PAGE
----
Irish Republican News · November 19, 2016
[Irish Republican News]

[Irish Republican News]
‘All your lough is belong to UK’


The fallout over Brexit has prompted the British governor in Ireland, James Brokenshire, to aggresively assert a claim over Lough Foyle in the north of Ireland. He told the Westminster parliament that “the whole” of the lough, extending westward to the Donegal shoreline in the 26 Counties, is owned by Britain.

Following partition in 1922, the British government first claimed ownership of the lough, which is located between counties Derry and Donegal. London’s claim was never accepted by any 26 County government.

The British government’s stance now means it claims ownership of the east bank of Inishowen in County Donegal to the high water mark. Ownership of the huge estuary has implications for shore front developments and fisheries licences and also raises jurisdiction issues for gardai over permission to go onto the shore below that mark.

Tensions over ownership appeared to be resolved when the cross-border Loughs Agency was established to oversee the management of Lough Foyle as well as Carlingford Lough, between Counties Down and Louth. However, that appears to have been merely a decoy.

The issue returned to political prominence this week following a parliamentary question to Brokenshire about post-Brexit fishing rights. In an unexpectedly blunt response, Mr Brokenshire said: “The government’s position remains that the whole of Lough Foyle is within the UK.”

In an equally direct response, the 26 County Department of Foreign Affairs said: “Ireland has never accepted the UK’s claim to the whole of Lough Foyle.”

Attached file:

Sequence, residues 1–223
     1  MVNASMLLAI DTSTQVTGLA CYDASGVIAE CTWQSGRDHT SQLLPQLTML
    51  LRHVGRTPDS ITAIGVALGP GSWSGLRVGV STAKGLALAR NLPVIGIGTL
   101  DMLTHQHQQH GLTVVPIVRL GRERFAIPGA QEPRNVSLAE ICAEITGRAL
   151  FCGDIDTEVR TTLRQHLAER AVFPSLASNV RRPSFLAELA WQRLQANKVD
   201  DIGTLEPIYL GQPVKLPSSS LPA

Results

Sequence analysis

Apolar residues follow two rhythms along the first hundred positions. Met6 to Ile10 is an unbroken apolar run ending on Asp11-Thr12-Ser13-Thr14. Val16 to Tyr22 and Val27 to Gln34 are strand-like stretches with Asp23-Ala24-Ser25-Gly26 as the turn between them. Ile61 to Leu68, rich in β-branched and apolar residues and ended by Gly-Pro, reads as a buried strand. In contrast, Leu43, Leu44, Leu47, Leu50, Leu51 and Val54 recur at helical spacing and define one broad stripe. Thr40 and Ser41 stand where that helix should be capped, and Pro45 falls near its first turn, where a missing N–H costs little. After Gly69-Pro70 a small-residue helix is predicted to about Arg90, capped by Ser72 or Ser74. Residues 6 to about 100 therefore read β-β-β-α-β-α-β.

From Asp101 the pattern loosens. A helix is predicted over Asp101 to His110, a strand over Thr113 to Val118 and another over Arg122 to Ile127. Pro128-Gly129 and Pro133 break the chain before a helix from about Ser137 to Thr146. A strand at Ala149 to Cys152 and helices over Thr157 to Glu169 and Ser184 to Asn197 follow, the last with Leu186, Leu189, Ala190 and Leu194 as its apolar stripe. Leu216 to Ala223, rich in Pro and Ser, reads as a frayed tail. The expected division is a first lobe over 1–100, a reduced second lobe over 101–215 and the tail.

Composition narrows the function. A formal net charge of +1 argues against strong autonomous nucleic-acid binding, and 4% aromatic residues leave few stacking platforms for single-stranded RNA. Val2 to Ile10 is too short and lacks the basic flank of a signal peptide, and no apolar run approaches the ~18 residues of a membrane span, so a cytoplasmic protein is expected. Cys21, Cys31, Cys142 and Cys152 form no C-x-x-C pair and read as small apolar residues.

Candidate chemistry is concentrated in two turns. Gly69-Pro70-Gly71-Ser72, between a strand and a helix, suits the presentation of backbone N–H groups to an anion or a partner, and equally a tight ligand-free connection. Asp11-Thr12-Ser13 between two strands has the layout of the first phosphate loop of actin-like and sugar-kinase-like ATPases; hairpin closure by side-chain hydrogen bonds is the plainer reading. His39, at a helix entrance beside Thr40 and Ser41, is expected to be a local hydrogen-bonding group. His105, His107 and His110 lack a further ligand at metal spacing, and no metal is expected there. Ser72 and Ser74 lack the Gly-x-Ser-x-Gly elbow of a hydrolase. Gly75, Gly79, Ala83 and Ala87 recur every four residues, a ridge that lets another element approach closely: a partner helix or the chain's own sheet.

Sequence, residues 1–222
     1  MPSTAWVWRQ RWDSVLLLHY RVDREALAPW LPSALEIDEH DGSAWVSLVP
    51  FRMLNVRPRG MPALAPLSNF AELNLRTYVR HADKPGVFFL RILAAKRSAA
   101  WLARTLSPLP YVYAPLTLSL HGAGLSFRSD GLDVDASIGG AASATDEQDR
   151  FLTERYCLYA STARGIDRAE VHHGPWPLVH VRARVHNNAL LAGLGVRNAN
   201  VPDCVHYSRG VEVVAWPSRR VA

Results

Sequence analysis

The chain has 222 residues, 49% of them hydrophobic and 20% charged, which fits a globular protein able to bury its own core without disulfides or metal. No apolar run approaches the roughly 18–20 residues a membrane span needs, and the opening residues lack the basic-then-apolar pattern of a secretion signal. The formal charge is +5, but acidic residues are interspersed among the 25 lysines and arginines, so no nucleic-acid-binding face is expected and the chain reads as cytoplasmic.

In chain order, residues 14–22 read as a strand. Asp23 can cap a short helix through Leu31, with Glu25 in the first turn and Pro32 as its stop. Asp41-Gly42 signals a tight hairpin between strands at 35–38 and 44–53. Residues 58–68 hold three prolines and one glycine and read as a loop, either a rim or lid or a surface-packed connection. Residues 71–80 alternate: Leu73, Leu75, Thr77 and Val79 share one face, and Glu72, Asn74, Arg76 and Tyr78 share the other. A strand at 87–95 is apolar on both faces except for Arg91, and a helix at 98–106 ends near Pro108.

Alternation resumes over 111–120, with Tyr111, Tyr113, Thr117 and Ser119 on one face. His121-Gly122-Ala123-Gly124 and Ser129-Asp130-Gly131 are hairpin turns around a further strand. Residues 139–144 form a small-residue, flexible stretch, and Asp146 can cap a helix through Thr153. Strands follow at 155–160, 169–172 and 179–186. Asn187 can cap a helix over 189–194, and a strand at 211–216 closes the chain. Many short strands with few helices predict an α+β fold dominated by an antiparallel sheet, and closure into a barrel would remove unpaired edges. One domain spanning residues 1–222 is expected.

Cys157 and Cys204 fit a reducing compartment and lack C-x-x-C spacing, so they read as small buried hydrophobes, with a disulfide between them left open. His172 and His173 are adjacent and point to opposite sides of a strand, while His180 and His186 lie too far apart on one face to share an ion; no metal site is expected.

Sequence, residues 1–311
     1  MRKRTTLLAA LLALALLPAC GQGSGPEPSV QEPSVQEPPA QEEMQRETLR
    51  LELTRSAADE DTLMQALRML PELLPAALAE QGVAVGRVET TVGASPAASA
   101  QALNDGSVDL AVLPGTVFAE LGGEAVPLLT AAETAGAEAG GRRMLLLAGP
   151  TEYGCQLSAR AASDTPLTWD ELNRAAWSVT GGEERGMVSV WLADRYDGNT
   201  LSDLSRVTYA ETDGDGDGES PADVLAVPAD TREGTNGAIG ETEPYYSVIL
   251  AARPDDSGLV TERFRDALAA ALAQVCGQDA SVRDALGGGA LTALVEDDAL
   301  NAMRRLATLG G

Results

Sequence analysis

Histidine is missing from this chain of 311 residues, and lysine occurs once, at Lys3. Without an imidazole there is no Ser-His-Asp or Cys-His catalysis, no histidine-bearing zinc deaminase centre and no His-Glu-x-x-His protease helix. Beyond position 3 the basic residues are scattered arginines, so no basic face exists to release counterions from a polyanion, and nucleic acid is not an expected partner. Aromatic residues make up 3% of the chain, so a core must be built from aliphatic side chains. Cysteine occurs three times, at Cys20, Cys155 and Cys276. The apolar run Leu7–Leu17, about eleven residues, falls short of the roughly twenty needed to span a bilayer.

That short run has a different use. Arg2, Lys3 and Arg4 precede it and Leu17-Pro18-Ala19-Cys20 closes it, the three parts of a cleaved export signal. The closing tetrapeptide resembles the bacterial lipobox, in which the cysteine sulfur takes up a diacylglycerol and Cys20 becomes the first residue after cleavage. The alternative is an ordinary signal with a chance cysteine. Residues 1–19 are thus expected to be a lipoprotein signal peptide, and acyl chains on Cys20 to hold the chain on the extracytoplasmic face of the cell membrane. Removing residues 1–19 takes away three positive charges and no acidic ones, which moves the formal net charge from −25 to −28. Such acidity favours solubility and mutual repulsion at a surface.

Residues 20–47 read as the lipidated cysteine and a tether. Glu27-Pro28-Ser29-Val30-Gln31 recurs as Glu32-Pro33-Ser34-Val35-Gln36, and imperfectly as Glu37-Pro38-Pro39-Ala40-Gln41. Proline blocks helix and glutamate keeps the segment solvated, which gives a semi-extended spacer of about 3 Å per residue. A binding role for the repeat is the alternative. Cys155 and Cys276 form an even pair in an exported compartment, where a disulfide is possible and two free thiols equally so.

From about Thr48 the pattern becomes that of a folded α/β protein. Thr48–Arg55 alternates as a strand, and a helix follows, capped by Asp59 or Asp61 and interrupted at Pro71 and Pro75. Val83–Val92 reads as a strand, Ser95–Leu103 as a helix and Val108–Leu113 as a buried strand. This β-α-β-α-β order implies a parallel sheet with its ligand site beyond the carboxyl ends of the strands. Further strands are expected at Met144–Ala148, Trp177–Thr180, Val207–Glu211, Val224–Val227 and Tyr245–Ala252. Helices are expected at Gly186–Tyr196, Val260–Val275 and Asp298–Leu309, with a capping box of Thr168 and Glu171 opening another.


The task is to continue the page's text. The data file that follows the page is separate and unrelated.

A spokesman for the Dublin government confirmed that a number of meetings between the two governments about the issue had taken place since 2011.

Sinn Fein senator Padraig MacLochlainn accused Mr Brokenshire of being “arrogant and provocative”.

The issue was also raised by Sinn Fein’s Oliver McMullan at a meeting of the Stormont agriculture, environment and rural affairs committee this week.

He called on Brokenshire to engage with Dublin over ownership, saying the dispute could have implications for safety and ecology.

“There are fears of unregulated fishing in the lough and the damage that could do to the environment, including the threats posed by invasive species,” Mr McMullan said.

The 1916 Societies said the renewed claims of were “an outworking of the continued violation of Irish national sovereignty by that same state”.

“They are wholly without foundation given Britain has no democratic title in Ireland. Lough Foyle, as all of Ireland and her territorial waters, belongs as of right to the Irish people and to them should be returned,” they said.

“The 1916 Proclamation declared the right of the people of Ireland to the ownership of Ireland, holding that right as sovereign and indefeasible, a position endorsed by overwhelming majority through the historic 1918 Election. With that in mind and like all Britain’s claims to Irish territory, this latest grab for the Foyle and her resources represents the imposition of force in defiance of democracy for British imperial gain.”

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